I was so intrigued by this post that I visitede this orphanage museum last week. I had dug around in some archives of orphanages out in Philadelphia a couple years ago, read up on some of their history, and on some of the academic work on orphanages in the late 1800’s and first half of the 1900’s. But while I grew up in Minnesota and moved back to the state from Philly three years ago, I had somehow never heard of the Minnesota Public School State Orphanage Museum! I thank Anne Peterson for taking the time to show me around.
H-Pietism is issuing a call for list and review editors. It is seeking interested scholars of Pietism, who are well acquainted with the field of study. Both editorial roles are great opportunities to stay in contact with fellow scholars and be involved with current activities in the field.
Among possible list editor responsibilities are maintaining consistent discussions on scholarly opportunities in the Pietism Studies, cultivating a forum and exchange of information and ideas, and expanding H-Pietism’s activities in directions appropriate to the online forum and field of study.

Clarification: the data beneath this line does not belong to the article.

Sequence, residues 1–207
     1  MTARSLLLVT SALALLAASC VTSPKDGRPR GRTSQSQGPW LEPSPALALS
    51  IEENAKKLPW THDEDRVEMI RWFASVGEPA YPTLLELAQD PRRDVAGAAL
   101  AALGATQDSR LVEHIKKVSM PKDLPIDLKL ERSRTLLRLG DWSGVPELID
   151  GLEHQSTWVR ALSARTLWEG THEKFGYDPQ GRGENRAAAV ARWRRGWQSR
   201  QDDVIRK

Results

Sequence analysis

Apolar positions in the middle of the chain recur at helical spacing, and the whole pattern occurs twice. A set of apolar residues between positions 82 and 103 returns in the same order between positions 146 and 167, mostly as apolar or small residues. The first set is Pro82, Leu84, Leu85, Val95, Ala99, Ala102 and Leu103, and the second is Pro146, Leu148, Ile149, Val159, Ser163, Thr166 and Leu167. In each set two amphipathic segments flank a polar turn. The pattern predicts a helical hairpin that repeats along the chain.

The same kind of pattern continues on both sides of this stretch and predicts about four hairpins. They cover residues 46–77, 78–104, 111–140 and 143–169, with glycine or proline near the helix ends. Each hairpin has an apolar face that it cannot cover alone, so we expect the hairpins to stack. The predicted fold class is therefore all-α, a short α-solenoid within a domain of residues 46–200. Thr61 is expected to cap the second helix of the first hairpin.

It goes without saying that people bring us interesting things as artifact donations. As often as possible, we try and get the story that goes with the interesting artifacts, in order to make them even more interesting. Sometimes, though, the full story of an object is not known to anyone still living, and the most that we can get is tantalizing hints.
The doll pictured here falls into the latter category.
Apologies again, but the third time is the charm, i.e. the unbroken link:
Apologies for the cross-post. The Laurier Centre for Military Strategic and Disarmament Studies in Waterloo, Canada has launched its first podcast, On War & Society. In it, I sit down with various scholars of war and society to discuss their research, the challenges of doing history, and life 'behind the book.' In our first episode, I speak with Dr. Alex Souchen about the environmental impacts of underwater munitions dumping after the Second World War.
Posting on behalf of Jonathan Silk: